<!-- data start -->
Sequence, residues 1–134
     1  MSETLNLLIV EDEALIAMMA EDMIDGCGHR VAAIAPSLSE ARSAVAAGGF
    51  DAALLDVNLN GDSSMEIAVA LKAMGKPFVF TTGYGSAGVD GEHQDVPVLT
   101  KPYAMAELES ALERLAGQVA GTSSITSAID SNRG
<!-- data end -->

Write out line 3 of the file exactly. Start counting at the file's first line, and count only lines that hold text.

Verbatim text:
    51  DAALLDVNLN GDSSMEIAVA LKAMGKPFVF TTGYGSAGVD GEHQDVPVLT